Perhaps no other weed invokes as much disgust throughout America as Convolvulus arvensis – or field bindweed. Also referred to as morning glory, creeping Jenny, wild morning glory, and devil’s guts (a very appropriate name in my opinion), this noxious weed is responsible for hundreds of millions of dollars in crop loss each year, not to mention the headache it causes for homeowners and gardeners. From my experience, I’ve seen it overwhelm portions of my own pasture where I didn’t take a more aggressive stance. In my lawn service days, I saw morning glory completely consume fences, lawns, and even a trampoline. The fight against bindweed can be long and difficult, so take immediate action the next time you spot this vile vine creeping into your lawn, garden or pasture.
It’s hard to imagine now, but there was a time when field bindweed didn’t exist in America. It wasn’t until the 1700s that bindweed was introduced to North America, probably in contaminated hay or as an escaped ornamental. Since then, it’s spread to almost every part of the United States and is particularly invasive in the Pacific Northwest. Most states have placed it on their noxious weed list, and it’s considered invasive in the rest. While it’s hard to find anything good about it, it does have some medicinal properties and is used by many pollinating insects. However, its remarkable ability to survive, spread, and suck the life out of desirable crops and ornamentals overshadows any potential benefit.
Growth Habit & Reproduction
Field bindweed’s incredible success as a weed can be attributed to its growth habit and reproductive methods. As a perennial vine, bindweed loves to crawl up other plants and structures. If no other plants or structures can be found, it’s perfectly content to creep along the ground, extending itself several yards in every direction. Bindweed also produces copious amounts of seed. It’s been estimated that an acre stand of pure bindweed can produce about ¾ ton of seed. These seeds have a hard, impervious seed coat that can lay dormant in the soil for up to 50 years. On top of this, bindweed is able to reproduce from underground rhizomes and aboveground shoots. When chopped up, such as during tillage, each segment of the original plant is capable of growing a new plant. Battling with field bindweed can be compared to fighting the mythical Hydra – cut off its head and two grow back.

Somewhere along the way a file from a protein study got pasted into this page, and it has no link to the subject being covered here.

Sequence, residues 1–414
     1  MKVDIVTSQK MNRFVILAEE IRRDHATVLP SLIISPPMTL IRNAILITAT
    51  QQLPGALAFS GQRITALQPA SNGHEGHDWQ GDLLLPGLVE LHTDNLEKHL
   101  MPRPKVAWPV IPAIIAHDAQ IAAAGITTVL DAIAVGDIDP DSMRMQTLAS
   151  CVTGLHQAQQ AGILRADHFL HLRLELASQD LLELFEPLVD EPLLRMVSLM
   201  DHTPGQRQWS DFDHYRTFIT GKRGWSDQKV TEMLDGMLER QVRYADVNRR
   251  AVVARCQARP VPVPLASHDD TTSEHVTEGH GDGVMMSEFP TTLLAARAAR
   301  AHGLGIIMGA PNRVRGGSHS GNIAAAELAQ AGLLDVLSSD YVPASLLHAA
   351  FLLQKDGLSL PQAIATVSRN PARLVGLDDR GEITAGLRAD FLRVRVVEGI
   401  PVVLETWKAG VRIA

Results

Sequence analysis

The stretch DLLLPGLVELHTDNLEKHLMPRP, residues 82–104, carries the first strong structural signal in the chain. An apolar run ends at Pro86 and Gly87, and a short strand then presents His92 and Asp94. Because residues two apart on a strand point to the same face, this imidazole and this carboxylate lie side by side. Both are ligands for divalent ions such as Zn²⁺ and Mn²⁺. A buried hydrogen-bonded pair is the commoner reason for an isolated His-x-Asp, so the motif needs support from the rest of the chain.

Prevention is Best
One of the best ways to control field bindweed, and most other weeds, is with proper pasture management. Because bindweed is a low-growing vine, taller plants are usually able to block the sunlight before it reaches the bindweed, keeping it weak and under control. This means maintaining a healthy, productive pasture through rotational grazing and avoiding overgrazing. While sheep and goats have been known to graze on bindweed, other livestock tend to leave it alone.
Battling Existing Stands
For existing bindweed infestations, mechanical control can work but requires repetition over several years. If tillage is not repeated, you’ll actually be helping the bindweed spread. Mowing is usually not effective due to the low-growing nature of bindweed. For smaller areas, solarization can work well. This involves placing a clear polyethylene tarp over the infested area and using the heat from the sun to bake and kill the bindweed. Keep in mind this won’t kill the deep reproductive roots. Finally, chemical herbicides can be very effective when used responsibly. There are several selective and non-selective herbicides available for controlling bindweed. Contact your local Cooperative Extension Service for more information on using herbicides for controlling field bindweed in your area.